2006 May/Education

CHESTERTON expressed himself as well satisfied that education is entirely confided to women until that time when to educate becomes entirely useless for, ‘a child is not sent to school to be instructed until it is too late to teach him anything.’


sleeping children

In other words, education depends on the training given during baby days and early childhood and such training is the concern of women. That is a certain fact. It is also a serious fact. Because at once there arises a problem. Are all mothers charged with educating their children capable of it?

Some women excel in child-training. And often they are equally successful in handling their children once they are grown.

How solicitously these mothers watch over their children even in their babyhood not only in concern for their bodily good but for their soul as well, warding off from them whatever could be a source of trouble later. With what love of God they profit by their babies’ first glimmerings of reason to teach them how to fold their hands in prayer and lift their hearts to God. How zealously they prepare them for their First Holy Communion, speaking to them of the marvels of the Eucharist, encouraging them to generosity and love of Jesus Crucified.

Without any thought of self, but with joyful and supernatural austerity, they teach their children to make sacrifices, to think of others; with what divinely inspired skill they show them the immense needs of the world, make them think of little pagan children who have no Christian mother or father or brothers or sisters who have been baptized.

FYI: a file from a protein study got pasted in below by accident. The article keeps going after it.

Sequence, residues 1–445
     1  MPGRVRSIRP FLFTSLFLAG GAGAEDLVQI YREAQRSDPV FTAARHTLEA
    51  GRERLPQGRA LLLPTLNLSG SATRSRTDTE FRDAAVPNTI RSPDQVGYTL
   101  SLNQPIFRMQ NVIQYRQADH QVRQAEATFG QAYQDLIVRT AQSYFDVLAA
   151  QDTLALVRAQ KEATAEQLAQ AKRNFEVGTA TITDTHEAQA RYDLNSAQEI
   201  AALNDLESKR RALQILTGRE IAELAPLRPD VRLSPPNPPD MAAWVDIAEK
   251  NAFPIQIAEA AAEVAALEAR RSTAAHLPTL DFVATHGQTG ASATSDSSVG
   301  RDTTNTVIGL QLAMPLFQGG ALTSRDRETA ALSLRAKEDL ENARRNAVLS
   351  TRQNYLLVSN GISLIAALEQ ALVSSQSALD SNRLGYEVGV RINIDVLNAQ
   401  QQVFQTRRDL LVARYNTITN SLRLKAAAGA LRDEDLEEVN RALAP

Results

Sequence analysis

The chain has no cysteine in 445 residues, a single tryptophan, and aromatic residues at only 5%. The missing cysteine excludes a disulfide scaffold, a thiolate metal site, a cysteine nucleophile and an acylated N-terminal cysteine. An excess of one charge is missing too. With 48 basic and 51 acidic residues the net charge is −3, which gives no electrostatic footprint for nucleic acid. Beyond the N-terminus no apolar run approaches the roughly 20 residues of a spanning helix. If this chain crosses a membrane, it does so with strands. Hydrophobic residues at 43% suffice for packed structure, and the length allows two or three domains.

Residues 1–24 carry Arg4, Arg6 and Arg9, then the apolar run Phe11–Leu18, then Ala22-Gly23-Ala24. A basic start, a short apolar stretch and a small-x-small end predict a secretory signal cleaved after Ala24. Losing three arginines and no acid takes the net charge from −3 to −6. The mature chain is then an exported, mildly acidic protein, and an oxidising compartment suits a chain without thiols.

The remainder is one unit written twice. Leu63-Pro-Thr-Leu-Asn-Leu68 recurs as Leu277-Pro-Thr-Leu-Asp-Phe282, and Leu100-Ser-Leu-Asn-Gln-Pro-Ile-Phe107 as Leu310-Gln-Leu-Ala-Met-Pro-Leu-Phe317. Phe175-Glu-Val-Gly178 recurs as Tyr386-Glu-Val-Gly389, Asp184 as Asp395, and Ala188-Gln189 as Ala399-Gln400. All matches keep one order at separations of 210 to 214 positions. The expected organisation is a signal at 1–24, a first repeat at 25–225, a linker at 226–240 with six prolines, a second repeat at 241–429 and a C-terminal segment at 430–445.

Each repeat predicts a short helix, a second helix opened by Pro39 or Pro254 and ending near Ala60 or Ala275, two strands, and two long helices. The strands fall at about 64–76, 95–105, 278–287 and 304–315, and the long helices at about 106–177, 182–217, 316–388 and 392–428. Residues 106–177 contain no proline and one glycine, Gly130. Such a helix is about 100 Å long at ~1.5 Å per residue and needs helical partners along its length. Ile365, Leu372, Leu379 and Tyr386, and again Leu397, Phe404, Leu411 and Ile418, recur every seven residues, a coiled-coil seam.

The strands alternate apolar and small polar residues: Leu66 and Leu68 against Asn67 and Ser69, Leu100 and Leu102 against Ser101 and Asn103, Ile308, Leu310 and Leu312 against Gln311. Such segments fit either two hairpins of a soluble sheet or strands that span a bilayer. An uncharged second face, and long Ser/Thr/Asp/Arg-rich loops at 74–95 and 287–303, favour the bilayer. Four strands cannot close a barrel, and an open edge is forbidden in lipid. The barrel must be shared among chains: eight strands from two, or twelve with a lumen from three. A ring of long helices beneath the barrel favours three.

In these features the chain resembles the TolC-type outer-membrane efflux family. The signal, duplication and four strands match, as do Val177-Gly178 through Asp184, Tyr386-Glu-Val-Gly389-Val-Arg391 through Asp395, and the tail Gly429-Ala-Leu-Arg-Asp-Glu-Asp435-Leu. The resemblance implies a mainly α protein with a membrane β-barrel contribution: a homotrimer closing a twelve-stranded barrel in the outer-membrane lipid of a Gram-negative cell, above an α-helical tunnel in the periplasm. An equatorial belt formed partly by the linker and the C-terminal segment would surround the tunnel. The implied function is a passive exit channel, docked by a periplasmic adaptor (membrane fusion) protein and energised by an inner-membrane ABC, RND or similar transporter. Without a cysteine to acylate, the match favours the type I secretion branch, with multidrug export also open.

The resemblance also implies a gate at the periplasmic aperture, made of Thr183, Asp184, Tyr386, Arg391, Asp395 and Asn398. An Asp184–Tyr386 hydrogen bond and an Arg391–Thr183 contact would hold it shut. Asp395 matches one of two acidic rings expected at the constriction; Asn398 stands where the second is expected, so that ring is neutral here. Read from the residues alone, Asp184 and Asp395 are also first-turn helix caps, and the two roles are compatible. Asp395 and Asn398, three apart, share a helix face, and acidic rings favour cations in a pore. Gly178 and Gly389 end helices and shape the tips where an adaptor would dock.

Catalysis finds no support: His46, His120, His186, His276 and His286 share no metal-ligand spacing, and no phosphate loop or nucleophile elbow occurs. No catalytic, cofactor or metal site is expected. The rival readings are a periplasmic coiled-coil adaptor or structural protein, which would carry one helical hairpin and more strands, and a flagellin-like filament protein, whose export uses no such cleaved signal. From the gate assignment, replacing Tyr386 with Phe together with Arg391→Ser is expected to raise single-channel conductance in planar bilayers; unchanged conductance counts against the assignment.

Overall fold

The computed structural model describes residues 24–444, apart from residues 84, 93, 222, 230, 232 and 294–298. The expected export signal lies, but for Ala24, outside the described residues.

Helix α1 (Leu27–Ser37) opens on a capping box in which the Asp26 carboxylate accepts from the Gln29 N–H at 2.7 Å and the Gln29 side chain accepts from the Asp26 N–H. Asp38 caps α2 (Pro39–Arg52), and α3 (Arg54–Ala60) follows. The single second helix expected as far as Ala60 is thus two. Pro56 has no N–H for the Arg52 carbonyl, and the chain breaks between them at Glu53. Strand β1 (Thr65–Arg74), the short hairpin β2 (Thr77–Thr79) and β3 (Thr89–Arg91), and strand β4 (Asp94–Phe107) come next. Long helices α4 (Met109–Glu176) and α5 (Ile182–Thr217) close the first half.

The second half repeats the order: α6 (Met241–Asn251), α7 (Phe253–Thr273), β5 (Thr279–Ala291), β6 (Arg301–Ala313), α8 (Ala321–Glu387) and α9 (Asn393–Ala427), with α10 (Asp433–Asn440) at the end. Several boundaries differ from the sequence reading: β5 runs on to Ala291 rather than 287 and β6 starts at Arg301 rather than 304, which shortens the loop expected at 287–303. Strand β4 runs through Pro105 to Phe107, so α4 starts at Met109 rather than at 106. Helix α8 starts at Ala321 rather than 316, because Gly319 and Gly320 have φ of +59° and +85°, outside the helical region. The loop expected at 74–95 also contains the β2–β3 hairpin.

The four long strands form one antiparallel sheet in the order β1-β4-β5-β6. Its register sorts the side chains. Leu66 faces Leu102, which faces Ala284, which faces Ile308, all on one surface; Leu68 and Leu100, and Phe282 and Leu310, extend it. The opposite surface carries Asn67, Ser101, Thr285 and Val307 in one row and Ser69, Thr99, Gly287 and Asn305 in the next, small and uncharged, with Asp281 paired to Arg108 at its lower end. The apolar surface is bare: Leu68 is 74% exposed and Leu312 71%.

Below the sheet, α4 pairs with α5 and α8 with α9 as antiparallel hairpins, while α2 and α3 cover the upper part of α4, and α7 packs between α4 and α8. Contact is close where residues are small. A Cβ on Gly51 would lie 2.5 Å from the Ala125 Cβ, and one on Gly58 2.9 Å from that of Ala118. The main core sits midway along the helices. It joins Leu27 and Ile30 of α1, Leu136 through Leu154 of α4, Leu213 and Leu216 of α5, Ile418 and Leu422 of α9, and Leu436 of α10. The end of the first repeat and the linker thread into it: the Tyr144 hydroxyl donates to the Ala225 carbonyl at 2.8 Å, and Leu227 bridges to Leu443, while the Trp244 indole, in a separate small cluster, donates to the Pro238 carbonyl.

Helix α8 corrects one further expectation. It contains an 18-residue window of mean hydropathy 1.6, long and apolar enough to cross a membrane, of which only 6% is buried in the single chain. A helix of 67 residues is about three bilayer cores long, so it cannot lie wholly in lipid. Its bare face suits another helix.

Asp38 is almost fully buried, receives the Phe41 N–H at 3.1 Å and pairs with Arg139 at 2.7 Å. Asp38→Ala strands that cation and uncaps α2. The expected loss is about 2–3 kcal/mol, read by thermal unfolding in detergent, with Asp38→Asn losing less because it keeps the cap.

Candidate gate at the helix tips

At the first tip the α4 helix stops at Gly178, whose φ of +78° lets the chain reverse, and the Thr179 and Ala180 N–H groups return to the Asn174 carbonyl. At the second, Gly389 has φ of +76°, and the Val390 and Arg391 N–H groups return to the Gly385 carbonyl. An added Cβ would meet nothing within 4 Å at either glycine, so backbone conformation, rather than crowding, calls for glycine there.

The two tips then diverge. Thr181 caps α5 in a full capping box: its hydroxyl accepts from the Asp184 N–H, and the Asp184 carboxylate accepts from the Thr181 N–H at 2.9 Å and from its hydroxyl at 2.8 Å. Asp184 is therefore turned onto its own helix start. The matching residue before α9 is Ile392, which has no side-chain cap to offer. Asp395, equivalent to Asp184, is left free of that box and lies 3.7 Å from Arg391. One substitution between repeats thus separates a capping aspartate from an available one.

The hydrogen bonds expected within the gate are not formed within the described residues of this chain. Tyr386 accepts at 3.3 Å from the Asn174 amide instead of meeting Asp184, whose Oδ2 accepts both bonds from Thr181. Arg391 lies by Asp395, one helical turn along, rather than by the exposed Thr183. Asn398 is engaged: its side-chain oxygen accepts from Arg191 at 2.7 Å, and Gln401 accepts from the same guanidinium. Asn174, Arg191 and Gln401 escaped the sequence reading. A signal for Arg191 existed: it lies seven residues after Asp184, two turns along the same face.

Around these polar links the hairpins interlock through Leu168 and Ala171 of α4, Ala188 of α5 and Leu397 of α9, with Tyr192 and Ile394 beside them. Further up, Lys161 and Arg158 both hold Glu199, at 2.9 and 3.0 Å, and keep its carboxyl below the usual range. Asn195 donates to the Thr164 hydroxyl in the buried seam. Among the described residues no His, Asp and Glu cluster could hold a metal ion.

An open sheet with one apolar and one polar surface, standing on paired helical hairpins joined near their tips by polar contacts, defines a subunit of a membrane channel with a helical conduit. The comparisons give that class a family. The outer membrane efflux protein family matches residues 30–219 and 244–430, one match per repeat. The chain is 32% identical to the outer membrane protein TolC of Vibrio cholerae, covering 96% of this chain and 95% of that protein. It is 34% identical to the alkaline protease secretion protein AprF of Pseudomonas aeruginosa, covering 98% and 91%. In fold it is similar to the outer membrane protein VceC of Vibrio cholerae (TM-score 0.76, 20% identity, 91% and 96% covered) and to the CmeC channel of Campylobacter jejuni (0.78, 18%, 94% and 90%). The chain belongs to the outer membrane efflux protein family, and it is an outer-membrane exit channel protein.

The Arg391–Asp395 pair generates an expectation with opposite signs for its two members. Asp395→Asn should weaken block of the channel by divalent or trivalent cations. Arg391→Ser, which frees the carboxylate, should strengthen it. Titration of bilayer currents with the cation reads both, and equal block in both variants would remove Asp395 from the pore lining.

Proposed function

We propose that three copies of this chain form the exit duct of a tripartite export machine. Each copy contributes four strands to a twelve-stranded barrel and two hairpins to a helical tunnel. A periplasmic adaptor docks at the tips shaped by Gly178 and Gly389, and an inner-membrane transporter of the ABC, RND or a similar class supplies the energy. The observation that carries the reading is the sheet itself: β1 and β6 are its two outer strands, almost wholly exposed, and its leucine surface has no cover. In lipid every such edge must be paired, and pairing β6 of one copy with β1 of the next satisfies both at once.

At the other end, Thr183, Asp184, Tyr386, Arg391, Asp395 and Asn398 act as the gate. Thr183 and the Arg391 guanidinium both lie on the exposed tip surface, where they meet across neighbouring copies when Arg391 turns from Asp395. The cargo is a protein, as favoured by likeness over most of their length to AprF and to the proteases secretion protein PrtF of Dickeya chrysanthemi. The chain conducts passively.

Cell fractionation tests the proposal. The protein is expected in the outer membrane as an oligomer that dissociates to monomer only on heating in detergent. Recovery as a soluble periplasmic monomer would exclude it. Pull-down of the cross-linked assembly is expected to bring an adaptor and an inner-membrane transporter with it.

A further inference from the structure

“Children are serious-minded, and to keep a childlike soul means precisely to continue to look at life with a serious attitude,” says Joergensen. Mothers with a supernatural spirit, whether they have read Joergensen or not, seem to use this idea as a guiding principle and by it help their children to preserve, while growing up, the juvenile depth of their serious outlook on life.

Even when their children are grown, how they help them to develop this serious attitude and protect them from losing it or submerging it in an atmosphere of worldliness and frivolity! How earnestly they try to give their children true Christianity grounded much more in love than in fear; they do not constantly terrify them with the idea of sin; they lead them even more by example than by word, to look upon God as a God of mercy and not as a sort of “super-parent” who is always dissatisfied, severe, angry, ready to forbid and to punish.”

Living a life of divine familiarity themselves, these mothers have learned the great mystery of “God nearby,” of God residing in the depths of the soul in grace, a God whose dearest wish is to draw us into closer intimacy with Himself.

It has been said that “there are two ways of giving the consciences of children an intense sense of the privation of God”; either by default, by never putting them in His presence; or by excess, by putting them in His presence in such a way that He becomes a nightmare to them from which they flee as soon as they realise that the whirl of life helps them not to think of Him.”

Supernatural-minded mothers would never fail in the second way. If their grown boys and girls remain in the state of grace, it is through a holy pride, an interior joy, the result of having been impregnated early in life with the conviction of God’s nearness, with the determination to remain forever living tabernacles of the Trinity other Christs.